(SOUNDBITE OF OPERA, "THE WRECKERS")

BOTSTEIN: It's fearless, and maybe that's what they thought was masculine about it.

HUIZENGA: And maybe that's why Ethel Smyth, with all her in-your-face attitude, ran afoul of the group she called the Male Machine, says scholar Elizabeth Wood who's written extensively about the composer.

ELIZABETH WOOD: These were the men who were - ran the press, ran the royal college, the professors, the heads of institutions who really were misogynist, homophobic and enjoyed turning her into a figure of fun and ridicule.

HUIZENGA: Partly, they despised her politics. In 1910, Smyth took a detour from composing to activism.

WOOD: Ethel fell in love with Emmeline Pankhurst.

HUIZENGA: Mrs. Pankhurst, as she was always known, was the leader of the women's suffrage movement.

WOOD: And of course, in her typical fashion, she bullied her way into being very close to Mrs. Pankhurst, possibly lovers.

HUIZENGA: And when Pankhurst called on suffragettes to smash the windows of politicians opposed to voting rights for women, Smyth was there, as she told the BBC in 1937.

(SOUNDBITE OF ARCHIVED RECORDING)

ETHEL SMYTH: At exactly 5:30 one memorable evening in 1912, relays of women produced hammers from their muffs and handbags and proceeded, methodically, to smash up windows in all the big London thoroughfares. Nearly 200 women were arrested that evening.

HUIZENGA: Among the women were Smyth and Pankhurst, Elizabeth Wood says.

WOOD: The two were imprisoned together, and their famous story, of course, comes from that, of Ethel conducting the prisoners in the yard below her with her toothbrush as they sang and marched to her famous song, "March Of The Women."

(SOUNDBITE OF SONG, "MARCH OF THE WOMEN")

UNIDENTIFIED WOMEN: (Singing) Shout. Shout - up with your song. Cry with the wind, for the dawn is breaking. March. March - swing you along.

HUIZENGA: This song, written by Smyth in 1911, became an anthem for the suffrage movement. Her passion for activism and politics, Leon Botstein says, also found its way into the plot of her opera "The Wreckers."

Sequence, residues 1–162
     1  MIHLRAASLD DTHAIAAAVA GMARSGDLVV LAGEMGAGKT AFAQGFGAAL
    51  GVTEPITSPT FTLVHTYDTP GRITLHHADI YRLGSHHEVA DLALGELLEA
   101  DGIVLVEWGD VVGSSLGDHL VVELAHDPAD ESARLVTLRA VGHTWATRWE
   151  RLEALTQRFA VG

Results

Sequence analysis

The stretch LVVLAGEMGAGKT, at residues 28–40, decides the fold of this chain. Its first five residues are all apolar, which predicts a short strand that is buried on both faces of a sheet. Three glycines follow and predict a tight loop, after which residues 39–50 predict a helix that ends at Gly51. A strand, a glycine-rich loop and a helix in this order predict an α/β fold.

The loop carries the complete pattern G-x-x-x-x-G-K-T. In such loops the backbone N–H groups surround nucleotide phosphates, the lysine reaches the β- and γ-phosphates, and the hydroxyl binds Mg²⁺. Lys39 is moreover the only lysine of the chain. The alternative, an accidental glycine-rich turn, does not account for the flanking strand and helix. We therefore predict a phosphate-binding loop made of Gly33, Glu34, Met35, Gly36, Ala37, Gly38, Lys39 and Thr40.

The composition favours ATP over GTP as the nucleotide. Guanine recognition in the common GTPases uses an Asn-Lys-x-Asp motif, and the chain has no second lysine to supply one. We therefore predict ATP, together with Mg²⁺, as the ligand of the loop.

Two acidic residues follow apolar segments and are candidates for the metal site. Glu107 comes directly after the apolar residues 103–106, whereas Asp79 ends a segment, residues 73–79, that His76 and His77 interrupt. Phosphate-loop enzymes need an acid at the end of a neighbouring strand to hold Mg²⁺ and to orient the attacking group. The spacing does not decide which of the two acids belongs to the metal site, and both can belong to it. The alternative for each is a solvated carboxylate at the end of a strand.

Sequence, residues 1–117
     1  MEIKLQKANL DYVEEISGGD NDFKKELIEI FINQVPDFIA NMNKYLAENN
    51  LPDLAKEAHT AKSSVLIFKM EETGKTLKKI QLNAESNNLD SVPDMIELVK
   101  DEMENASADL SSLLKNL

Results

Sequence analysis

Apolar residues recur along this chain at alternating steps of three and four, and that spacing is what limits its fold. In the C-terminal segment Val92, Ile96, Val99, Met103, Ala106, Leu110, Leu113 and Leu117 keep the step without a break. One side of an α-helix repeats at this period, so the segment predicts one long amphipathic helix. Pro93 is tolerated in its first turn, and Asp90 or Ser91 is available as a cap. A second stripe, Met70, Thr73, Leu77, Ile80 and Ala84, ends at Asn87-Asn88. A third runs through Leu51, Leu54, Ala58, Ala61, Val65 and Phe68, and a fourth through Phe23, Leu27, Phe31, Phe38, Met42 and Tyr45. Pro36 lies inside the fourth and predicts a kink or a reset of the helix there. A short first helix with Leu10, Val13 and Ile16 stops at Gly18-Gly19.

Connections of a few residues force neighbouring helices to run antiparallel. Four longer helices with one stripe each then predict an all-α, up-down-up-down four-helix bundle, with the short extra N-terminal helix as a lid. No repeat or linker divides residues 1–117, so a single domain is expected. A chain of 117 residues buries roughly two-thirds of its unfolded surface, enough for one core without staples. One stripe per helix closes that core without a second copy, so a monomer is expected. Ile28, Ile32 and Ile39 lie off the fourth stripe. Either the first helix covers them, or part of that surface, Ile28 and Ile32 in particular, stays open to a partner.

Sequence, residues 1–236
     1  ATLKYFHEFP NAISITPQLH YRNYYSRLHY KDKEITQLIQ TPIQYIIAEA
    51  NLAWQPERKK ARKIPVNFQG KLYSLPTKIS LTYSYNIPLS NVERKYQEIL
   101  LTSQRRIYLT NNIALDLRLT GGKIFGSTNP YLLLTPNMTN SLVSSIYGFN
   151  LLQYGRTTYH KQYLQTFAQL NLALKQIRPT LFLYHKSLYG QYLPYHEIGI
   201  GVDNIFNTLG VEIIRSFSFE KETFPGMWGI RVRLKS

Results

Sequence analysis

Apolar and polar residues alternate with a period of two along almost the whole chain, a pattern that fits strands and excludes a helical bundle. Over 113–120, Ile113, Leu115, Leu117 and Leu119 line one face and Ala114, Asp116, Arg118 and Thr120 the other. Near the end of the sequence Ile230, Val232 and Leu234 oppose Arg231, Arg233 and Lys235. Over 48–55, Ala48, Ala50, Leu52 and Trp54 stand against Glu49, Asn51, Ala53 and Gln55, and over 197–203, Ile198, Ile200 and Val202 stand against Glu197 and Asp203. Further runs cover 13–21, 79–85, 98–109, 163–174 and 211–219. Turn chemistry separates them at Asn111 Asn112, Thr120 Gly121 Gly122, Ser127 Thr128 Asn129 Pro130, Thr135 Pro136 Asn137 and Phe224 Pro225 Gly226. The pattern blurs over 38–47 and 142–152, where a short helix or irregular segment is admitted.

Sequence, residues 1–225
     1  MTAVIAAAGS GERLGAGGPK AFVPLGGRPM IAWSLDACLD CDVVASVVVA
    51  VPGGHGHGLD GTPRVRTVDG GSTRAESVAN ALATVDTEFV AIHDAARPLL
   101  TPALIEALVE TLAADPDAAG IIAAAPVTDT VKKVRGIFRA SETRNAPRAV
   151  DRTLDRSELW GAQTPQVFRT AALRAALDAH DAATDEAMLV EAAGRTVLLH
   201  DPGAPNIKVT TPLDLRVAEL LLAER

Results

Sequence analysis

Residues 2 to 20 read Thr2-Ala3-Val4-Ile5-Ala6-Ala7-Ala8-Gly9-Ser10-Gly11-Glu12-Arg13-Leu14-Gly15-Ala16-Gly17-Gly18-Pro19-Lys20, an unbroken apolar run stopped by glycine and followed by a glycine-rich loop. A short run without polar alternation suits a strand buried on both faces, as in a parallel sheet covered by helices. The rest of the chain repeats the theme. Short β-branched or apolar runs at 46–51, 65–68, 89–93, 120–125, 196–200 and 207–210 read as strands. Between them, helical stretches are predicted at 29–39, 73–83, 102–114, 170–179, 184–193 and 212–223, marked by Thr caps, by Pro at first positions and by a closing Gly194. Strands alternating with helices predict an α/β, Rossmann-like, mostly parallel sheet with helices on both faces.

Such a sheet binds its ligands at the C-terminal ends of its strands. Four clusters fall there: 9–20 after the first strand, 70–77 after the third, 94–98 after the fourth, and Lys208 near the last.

BOTSTEIN: She draws a sword on behalf of a variety of very hot political issues. So the other thing about this opera which appealed to me, especially today, is the whole question of justice, the state and religion.

HUIZENGA: The story concerns an isolated coastal community which lures passing ships to crash on the rocks so villagers can plunder the goods and murder the crew, all in the name of God. At the end, a pair of elicit lovers tries to stop the gruesome practice and is condemned to death.

(SOUNDBITE OF OPERA, "THE WRECKERS")

UNIDENTIFIED MAN: (Singing in foreign language).

UNIDENTIFIED CHOIR: (Singing in foreign language).

HUIZENGA: Conductor Leon Botstein is devoted to "The Wreckers," both its music and its message. He led a concert version of the opera in 2007 and says "The Wreckers" asks questions that are timely today.

BOTSTEIN: How would you behave faced with a society in which injustice was being regularly trafficked? Would you stand up for your beliefs? Would you risk your life for things that you believed were ethically right?

HUIZENGA: Ethel Smyth did all those things and more. She was made a dame commander of the Order of the British Empire for her contributions to the arts, and after hearing began to go, she turned to writing, producing 10 books about her extraordinary life and times. Tom Huizenga, NPR News. Transcript provided by NPR, Copyright NPR.